Monthly Archives: January 2008

If the US succeeds in its ???risk management’, it will renew and, at worst, exacerbate the fragility, both domestic and international, that triggered the turmoil. If it fails, the US and, perhaps, much of the rest of the world could well suffer a prolonged period of economic weakness.

 

An e-mail from Accenture’s group chief executive is troubling because it shows top people write jargon even when they think no clients are looking.

 

A medium-term inflation target provides a clear objective for policy and so the best chance of avoiding recession. To change ships in the midst of a storm would be a catastrophic blunder.

 

In this week’s show: Market falls and recession fears: how they affect your finances; Exchange-traded tracker funds: is now the time to invest? Tax planning: what the new rules mean for offshore trusts.

 

Can the internet cope? We have two views – Nicholas Carr talks about the dangers, while Paul Sagan of Akamai is quizzed about the web’s capacity to deliver. Plus Ade McCormack makes storage sound fascinating; and the author of a study on retail banking is quizzed about whether banks could do more with the data at their fingertips.

 

For one person it feels like a snake; for another a leathery sail. A third says a tree trunk. A fourth a pull rope. Explanations for what has happened to the world economy are just as diverse. The accurate story is that it is a combination of the various elements.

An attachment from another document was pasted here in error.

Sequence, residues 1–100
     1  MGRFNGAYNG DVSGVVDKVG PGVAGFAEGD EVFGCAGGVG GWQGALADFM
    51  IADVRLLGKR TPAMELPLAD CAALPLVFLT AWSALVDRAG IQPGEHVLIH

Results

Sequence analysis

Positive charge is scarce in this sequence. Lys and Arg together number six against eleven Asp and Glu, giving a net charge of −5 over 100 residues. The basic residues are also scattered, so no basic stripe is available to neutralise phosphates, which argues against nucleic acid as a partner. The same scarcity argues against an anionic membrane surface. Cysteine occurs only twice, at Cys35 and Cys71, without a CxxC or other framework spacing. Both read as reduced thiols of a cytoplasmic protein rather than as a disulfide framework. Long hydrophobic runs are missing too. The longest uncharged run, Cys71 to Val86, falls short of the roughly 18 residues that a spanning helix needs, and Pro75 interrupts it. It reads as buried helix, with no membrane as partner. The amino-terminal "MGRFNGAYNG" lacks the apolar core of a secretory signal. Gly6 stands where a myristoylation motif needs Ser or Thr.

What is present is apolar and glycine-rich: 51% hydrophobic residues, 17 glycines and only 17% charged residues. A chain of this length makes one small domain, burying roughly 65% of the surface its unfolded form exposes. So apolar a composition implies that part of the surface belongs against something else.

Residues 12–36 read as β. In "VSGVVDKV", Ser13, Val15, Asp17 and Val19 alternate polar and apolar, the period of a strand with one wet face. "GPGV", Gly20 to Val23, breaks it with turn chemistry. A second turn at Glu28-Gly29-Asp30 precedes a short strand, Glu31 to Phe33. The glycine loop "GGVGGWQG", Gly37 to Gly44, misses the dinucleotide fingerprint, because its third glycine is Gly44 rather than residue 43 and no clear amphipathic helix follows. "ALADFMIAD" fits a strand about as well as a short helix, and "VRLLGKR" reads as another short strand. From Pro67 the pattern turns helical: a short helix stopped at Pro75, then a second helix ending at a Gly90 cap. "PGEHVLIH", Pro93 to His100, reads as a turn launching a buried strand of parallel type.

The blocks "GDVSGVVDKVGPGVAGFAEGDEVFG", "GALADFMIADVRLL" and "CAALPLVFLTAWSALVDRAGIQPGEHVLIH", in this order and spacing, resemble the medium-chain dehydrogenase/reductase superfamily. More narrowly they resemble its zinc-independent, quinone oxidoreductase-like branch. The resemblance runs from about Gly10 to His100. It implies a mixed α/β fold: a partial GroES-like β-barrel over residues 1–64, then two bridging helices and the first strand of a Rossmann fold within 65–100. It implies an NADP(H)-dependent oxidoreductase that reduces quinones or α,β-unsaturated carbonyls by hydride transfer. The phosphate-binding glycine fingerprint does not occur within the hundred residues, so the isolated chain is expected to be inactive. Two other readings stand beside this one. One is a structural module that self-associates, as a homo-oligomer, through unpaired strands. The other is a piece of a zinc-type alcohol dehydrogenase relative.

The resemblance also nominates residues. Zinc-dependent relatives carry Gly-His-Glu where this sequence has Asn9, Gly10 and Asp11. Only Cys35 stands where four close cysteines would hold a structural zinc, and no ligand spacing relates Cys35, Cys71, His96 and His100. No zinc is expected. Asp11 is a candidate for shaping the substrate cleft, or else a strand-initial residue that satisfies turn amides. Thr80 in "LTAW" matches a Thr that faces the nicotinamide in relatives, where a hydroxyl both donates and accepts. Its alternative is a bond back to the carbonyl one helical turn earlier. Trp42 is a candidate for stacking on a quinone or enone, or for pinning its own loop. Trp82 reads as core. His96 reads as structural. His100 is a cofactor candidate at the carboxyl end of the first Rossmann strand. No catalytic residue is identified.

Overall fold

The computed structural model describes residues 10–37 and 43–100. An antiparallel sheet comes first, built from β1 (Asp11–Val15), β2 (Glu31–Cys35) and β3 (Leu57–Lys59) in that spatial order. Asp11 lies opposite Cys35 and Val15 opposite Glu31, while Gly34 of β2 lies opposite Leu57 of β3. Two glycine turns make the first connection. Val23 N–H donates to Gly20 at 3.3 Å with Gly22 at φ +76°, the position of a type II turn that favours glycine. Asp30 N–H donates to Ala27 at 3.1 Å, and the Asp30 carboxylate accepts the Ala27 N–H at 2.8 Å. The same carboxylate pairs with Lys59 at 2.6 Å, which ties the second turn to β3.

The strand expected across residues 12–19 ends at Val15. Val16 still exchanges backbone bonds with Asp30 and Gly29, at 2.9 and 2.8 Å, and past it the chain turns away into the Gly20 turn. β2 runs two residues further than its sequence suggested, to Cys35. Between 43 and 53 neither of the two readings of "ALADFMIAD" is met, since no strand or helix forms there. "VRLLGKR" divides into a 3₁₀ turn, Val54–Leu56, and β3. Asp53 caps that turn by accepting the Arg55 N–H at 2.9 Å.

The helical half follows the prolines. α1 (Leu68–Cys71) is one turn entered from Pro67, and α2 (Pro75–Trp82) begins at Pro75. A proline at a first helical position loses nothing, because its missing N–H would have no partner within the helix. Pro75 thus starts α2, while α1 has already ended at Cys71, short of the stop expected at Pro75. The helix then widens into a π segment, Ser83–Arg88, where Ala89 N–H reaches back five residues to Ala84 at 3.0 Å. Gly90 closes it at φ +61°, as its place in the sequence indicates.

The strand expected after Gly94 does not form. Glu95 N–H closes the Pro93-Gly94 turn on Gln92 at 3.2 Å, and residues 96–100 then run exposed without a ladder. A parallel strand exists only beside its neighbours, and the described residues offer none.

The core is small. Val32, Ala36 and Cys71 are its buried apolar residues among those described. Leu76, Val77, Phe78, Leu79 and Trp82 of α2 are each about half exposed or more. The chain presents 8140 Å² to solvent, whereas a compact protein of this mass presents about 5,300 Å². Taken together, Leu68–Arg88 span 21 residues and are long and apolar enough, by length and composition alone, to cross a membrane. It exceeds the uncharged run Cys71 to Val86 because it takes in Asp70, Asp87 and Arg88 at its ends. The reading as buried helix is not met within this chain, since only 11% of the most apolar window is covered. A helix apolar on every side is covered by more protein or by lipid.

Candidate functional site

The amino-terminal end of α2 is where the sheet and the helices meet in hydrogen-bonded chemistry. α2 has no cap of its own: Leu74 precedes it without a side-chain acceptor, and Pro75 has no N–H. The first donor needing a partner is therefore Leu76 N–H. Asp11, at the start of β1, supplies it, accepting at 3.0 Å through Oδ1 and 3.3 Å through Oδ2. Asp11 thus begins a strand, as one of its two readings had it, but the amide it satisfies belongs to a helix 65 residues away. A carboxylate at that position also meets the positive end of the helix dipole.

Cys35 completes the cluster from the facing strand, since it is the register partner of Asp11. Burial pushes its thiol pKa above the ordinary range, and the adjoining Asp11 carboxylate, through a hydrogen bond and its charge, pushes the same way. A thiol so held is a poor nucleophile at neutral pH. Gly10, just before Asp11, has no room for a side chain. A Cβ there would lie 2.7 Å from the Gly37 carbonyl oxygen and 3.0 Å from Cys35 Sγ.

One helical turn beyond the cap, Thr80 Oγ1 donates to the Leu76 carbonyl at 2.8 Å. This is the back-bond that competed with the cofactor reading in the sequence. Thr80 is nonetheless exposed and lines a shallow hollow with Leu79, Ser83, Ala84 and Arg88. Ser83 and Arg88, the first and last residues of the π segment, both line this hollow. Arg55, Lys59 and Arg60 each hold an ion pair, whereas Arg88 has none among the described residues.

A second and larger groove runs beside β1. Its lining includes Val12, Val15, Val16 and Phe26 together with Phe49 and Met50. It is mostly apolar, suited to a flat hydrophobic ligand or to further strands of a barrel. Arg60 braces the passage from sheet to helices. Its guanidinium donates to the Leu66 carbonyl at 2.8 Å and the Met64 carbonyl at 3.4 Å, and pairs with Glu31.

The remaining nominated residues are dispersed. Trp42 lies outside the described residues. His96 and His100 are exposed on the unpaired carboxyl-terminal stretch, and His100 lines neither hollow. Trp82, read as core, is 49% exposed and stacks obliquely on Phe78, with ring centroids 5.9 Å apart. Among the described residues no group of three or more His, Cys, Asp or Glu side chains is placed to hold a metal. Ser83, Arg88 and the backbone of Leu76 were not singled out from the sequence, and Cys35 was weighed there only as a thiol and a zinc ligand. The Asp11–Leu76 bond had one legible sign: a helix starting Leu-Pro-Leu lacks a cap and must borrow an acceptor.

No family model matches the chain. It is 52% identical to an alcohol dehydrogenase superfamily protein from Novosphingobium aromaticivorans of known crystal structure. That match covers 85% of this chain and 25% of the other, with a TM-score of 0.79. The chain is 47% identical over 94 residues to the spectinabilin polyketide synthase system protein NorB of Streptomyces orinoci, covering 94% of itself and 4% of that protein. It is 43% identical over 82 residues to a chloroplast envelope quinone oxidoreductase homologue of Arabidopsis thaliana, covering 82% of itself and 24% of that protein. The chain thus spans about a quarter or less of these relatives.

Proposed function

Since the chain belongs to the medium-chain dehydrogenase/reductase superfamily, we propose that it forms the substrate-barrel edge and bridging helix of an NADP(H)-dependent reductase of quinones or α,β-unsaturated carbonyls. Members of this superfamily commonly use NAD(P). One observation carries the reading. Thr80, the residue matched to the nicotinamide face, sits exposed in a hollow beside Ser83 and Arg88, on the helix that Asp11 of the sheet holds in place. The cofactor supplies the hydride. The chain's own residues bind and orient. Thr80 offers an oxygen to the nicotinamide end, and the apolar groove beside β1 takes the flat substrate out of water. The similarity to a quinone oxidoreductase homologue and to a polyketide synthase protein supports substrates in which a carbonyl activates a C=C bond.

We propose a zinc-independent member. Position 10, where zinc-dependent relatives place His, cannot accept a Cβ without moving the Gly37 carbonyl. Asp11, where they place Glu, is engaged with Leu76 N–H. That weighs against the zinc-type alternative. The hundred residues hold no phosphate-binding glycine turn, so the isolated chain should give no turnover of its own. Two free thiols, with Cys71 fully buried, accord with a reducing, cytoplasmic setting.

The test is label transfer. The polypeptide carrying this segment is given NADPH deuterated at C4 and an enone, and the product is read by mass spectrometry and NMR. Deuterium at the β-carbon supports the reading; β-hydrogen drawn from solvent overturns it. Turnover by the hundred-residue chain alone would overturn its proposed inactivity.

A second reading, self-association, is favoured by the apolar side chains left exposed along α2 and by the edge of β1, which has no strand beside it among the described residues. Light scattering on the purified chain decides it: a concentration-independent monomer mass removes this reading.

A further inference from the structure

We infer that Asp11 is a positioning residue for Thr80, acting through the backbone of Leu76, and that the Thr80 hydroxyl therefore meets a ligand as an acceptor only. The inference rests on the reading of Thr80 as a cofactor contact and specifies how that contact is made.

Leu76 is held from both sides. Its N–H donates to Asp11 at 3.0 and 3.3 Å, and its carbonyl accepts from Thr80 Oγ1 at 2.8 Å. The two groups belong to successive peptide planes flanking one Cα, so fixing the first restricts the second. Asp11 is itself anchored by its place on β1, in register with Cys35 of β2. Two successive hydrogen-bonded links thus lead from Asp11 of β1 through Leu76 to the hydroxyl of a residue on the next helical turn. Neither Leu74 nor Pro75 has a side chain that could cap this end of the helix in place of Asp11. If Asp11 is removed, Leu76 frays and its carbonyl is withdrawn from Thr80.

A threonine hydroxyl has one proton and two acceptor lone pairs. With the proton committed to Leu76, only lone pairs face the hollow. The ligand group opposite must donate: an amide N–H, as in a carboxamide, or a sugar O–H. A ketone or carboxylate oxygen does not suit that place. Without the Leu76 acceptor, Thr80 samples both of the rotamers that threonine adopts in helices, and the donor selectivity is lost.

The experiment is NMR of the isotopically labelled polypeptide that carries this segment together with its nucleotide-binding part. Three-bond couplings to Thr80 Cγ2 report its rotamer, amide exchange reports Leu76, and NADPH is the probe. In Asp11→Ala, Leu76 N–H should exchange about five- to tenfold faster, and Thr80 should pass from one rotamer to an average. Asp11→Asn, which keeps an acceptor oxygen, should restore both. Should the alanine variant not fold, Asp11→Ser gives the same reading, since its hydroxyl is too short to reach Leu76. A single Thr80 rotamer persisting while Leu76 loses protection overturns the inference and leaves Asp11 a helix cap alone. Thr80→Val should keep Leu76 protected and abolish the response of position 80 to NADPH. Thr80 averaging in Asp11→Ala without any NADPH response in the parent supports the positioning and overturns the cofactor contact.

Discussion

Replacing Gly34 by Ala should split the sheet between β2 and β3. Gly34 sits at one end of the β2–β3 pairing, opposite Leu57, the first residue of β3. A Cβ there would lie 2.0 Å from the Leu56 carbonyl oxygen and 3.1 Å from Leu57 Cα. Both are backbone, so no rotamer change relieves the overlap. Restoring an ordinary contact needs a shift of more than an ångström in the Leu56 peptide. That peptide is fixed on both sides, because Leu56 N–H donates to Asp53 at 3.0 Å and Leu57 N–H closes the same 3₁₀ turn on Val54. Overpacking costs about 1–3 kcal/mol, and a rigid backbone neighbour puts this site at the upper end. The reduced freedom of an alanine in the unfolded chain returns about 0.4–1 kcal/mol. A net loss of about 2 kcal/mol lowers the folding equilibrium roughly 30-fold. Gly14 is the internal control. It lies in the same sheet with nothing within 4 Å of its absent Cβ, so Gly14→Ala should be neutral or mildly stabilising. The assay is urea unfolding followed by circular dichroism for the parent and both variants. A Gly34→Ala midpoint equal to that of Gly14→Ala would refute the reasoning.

Artists are no different to any other profession; they need to be managed too, so they can go on getting better. Lucy Kellaway delves into the business-like approach that financier Guy Hands plans to take with musicians at EMI, and asks: should you be prepared to discipline a creative at the risk of losing them?

 

In this week’s show: Commercial property – the professional vultures are swooping on cheap assets but what should private investors do? Is it too late to join the gold rush? Tips on making self assessment less painful; The good and bad news of 0 per cent credit cards.

 

The regulatory net should cover all systemically important financial institutions. The question the authorities need to ask themselves is simple: if a specific institution fell into substantial difficulty would they have to intervene?

 

The granting of investment bank bonuses is a ruinously expensive, tiring and highly political game in which almost everyone emerges a loser. Here’s how the game works.